Air Apparent

Man, said the ancient Greek physician Hippocrates, is an obligate aerobe.  An obligate aerobe, indeed: an organism indentured to the air for as long as he, or she, may live.

It’s actually a bit more specific than that, but it wasn’t until the late eighteenth century that somebody figured out  it’s oxygen that makes the air indispensable.  The twenty-percent solution.  The rest is just white bread to oxygen’s Marmite spread.

And it’s not just we humans on the oxygen dole. Sherwin Nuland, a thoughtful Yale University surgeon and medical historian, wrote: “ Oxygen is at the focal point of the lens through which the sustaining processes of living things must be studied.” Not all living things, to be sure, but most of them.

Aren’t we freedivers a rather odd lot, then ? 

Nearly all of Creation, things that crawl, squirm, wriggle, fly, walk and, yes, swim in the waters struggle endlessly and mightily for the oxygen that is the terminus of the chain of intermediate rewards. Seen this way, things like food and water, shelter, money – everything else – are all just the means to another breath. Whence this bizarre practice of voluntary denial of  that which all life craves more than anything else ?  What kind of creature is this that chooses not to breathe ?

I think it unlikely that anybody who’s done more than a few casual freedives has escaped being accused of, well, of being nuts.  Flirtation with eternity, daring  of the devil, and pathologies much darker than slight eccentricity are suggested by our observers, and in truth it’s a stigma which most freedivers relish, whether openly or a-closeted. They think we’re mad, the dullards. Hah !

Are we ? This discussion is sort of taboo, but let’s have it anyway. It always comes around to one word.

Hypoxyphila. Quick – do not Google it ! The word’s etymology is innocent, implying nothing more than a propensity to, or a veneration of the state of  oxygen deficit. Besides the heavy metal band of that name (!) the Google search returns a strong impression that this propensity/veneration finds expression exclusively in the erotic domain, although the Wikipedia entry reassures us that  “There is no relationship between hypoxyphilia and mental or personality disorder”.  Whew.

Now, I’ve known more than a few breath-hold divers over the past several decades who may well have had mental or personality disorders, but not one was ( so far as I know) the least bit interested in the Dark Side of Apnea, you know, with the lemons and the knotted neckties and occasional obituaries afterward.  I don’t know who those people are.  I guess life would get a lot more interesting overnight if this column triggers a wave of freediver emails telling me I’m wrong, and confessing an interest in Autoerotic Asphyxiation, but I don’t see that happening.  Freedivers may be nuts, but not that way.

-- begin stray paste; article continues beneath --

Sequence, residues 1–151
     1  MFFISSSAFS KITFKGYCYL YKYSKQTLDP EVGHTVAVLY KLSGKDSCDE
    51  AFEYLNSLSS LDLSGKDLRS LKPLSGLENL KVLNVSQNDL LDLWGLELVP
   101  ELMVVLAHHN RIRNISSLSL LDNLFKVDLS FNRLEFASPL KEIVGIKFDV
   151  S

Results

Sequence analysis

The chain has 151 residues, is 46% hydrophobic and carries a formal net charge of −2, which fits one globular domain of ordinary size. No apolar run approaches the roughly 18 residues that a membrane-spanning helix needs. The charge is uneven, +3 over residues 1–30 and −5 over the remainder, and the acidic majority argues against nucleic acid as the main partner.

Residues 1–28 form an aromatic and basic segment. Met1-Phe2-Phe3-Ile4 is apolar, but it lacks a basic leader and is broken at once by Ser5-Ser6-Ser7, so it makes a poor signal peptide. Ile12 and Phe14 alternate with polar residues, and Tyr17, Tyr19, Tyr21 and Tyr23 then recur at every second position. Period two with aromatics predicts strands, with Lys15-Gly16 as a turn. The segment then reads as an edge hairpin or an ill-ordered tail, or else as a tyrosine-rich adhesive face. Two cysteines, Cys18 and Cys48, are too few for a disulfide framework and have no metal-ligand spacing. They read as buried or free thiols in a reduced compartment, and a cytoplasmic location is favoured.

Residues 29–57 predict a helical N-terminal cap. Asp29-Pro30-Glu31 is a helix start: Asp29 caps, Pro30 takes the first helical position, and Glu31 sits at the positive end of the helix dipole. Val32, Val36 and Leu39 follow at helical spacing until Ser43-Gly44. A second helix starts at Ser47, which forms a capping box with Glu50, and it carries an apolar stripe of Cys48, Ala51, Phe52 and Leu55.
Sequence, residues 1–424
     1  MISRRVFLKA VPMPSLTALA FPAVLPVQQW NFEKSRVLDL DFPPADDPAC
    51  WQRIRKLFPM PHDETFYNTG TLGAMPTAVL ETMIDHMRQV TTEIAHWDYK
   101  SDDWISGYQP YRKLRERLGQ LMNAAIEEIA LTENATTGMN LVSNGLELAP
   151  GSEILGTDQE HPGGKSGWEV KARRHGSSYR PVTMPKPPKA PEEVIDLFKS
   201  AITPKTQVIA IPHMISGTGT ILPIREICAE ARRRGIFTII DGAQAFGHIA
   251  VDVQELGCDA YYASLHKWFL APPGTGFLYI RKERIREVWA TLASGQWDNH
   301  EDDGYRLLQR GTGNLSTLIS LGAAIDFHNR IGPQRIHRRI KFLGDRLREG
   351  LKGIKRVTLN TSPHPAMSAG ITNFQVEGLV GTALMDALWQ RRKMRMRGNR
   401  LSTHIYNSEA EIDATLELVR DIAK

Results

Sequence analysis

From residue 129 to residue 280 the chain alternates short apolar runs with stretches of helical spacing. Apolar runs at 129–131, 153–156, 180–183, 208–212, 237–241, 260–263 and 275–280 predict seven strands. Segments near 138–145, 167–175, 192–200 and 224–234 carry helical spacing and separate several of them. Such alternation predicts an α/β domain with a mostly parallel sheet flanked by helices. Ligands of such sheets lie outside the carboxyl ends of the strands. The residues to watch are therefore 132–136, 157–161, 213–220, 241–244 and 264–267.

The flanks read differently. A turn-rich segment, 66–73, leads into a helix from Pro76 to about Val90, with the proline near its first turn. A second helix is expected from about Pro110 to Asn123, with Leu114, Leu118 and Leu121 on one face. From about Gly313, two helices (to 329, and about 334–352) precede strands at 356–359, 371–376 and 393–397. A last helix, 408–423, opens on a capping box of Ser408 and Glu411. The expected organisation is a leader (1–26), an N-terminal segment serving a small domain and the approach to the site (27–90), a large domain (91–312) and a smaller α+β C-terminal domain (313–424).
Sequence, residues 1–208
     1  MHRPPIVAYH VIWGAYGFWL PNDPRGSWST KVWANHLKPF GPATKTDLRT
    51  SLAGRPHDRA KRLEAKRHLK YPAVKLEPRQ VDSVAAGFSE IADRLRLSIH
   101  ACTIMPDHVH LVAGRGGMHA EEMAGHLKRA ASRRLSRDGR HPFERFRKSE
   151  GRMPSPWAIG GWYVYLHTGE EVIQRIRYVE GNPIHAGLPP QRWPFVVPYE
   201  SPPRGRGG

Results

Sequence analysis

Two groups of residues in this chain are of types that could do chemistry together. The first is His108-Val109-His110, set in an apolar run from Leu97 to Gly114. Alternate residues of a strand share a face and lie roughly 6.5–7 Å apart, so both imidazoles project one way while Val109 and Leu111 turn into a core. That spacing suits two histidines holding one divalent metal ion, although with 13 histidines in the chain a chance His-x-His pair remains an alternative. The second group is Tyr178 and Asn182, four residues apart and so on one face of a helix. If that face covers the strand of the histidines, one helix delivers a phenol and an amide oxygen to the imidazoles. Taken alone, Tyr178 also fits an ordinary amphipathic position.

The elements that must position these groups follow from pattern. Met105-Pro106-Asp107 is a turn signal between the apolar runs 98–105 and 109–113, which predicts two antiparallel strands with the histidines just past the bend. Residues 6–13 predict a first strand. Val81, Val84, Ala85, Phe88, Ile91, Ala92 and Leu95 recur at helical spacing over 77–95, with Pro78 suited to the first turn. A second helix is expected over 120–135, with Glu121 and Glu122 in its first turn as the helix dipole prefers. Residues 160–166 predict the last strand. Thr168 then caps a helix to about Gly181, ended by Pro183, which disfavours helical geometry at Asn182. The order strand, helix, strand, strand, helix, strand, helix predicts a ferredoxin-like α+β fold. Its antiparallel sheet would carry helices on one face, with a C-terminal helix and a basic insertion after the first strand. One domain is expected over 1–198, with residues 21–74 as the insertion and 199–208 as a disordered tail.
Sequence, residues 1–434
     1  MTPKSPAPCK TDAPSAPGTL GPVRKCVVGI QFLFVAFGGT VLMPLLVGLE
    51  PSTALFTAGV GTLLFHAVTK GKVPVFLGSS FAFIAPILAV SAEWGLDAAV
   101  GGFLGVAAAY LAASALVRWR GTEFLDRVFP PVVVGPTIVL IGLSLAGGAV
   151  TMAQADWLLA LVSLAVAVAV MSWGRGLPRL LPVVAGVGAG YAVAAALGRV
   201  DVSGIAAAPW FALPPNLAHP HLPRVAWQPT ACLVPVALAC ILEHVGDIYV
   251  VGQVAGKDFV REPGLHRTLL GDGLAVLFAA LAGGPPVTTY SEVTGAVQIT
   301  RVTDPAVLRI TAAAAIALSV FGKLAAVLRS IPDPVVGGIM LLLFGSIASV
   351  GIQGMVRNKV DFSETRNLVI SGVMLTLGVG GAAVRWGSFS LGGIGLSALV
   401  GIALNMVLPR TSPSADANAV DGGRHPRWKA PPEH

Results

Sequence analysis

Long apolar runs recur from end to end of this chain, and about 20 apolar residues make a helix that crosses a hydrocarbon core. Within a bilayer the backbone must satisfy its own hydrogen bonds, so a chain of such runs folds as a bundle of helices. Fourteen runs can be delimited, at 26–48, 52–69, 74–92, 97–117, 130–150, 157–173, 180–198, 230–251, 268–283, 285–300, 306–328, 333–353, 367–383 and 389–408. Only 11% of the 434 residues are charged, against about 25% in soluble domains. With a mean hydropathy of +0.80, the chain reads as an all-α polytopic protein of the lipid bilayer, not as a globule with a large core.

I’ll offer another quote here – the last, since I get paid only for original words. Dr. Johnson : “When a man knows he is to be hanged in a fortnight, it concentrates his mind wonderfully.” 

It does. Our minds are generally rather less wonderfully focused because most of the time, under most circumstances, most of us don’t suppose we’re actually, really mortal.  These days it’s widely considered bad manners to recall this elementary fact. Why, you’re probably  thinking as you read this that I ought to be sent off to Sensitivity Training.  A perhaps I should be. Apnea, I think, and apnea diving especially has an effect on our consciousness not unlike that of the prospective hanging seen by Dr. Johnson to so wonderfully focus the mind.

If we are immortal, invulnerable and to live life without end, then why would we concentrate at all ? There will, after all, always be more. And more.

The apneist is a humble student of mortality, one who engages in dialogue  the most fundamental constraints on life, and in coming to know them so intimately is gifted with a moment of extraordinary being.  A wonderful concentration.  A change in one’s relationship to life itself, which persists to a greater or lesser degree for as long as one may live.

That doesn’t seem pathological to me, not at all, but then I’ve already broken the taboo against acknowledging that our time as young, strong and beautiful is finite, as is life itself.

Oh, dear – I’ll never eat lunch in this town again, unless . . .can you please forget this whole discussion ?  There’s a giant freediving world records event going down in a couple of weeks in the Caymans, and I’ve got to get ready for it.

Paul Kotik has been a Staff Writer and Freediving Editor for DeeperBlue.com. He lives in Florida, USA with his family.

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